In one embodiment, each of the generated light beams includes at least one of the primary colors. In another embodiment, each of the generated light beams includes at least two of the primary colors. In yet another embodiment, each of the generated light beams includes the three primary colors. For example, the illumination system can include a red LED, a blue LED, and a green LED that can each be selectively controlled to selectively control the color composition of the generated beams.

BRIEF DESCRIPTION OF THE DRAWINGS

The novel features of this invention, as well as the invention itself, both as to its structure and its operation, will be best understood from the accompanying drawings, taken in conjunction with the accompanying description, in which similar reference characters refer to similar parts, and in which:

FIG. 1 is a simplified top plan view of a scene and an image capturing apparatus having features of the present invention;

FIG. 2A is a simplified front perspective view of one embodiment of the image capturing apparatus;

FIG. 2B is a simplified rear perspective view of the image capturing apparatus of FIG. 2A;

FIGS. 3A-3D illustrate four separate scenes and a generated light beam for each scene;

FIG. 4 is a rear view of one embodiment of the image capturing apparatus; and

FIG. 5 is a simplified flowchart that illustrates one example of the operation of the image capturing apparatus.

DESCRIPTION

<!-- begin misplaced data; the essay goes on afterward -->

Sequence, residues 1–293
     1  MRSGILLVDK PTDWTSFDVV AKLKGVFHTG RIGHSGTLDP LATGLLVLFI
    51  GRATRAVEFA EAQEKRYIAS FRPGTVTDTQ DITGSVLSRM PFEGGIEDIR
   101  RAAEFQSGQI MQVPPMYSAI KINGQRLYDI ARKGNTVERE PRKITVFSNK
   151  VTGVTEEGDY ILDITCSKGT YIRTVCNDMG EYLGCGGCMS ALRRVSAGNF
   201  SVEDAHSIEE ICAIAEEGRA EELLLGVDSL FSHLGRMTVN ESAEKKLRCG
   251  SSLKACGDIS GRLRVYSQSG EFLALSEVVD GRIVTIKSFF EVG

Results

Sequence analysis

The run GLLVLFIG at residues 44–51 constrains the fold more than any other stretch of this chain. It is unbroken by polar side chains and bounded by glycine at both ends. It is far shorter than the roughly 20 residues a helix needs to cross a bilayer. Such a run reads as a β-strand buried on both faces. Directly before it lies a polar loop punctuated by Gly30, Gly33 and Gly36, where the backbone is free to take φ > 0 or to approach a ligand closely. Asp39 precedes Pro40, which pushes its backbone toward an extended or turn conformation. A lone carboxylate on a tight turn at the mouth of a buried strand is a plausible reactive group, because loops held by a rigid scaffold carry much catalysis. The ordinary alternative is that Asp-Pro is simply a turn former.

FIG. 1 is a simplified top plan illustration of an image capturing apparatus 10 having features of the present invention and a scene 12. The image capturing apparatus 10 is useful for capturing an image 214 (illustrated in FIG. 2B) of the scene 12. The type of scene 12 captured by the image capturing apparatus 10 can vary. For example, the scene 12 can include one or more people, animals, items, objects, and/or environments. In FIG. 1, the scene 12 includes a car 16.

Further, in FIG. 1, the scene 12 is at least partly illuminated by a light source 18 that can cooperate with other light sources (not shown) to create a lighting condition for the scene 12. In one embodiment, the light source 18 generates light 20 (illustrated as arrows) that include colors other than white (e.g. red, blue, and green) which creates atmosphere or mood for the scene 12. For example, the light source 18 can be an electric light source, e.g. a stage light that generates light 20 that is composed of some combination of red, blue and/or green. With this design, the stage light creates a first lighting condition for the scene 12.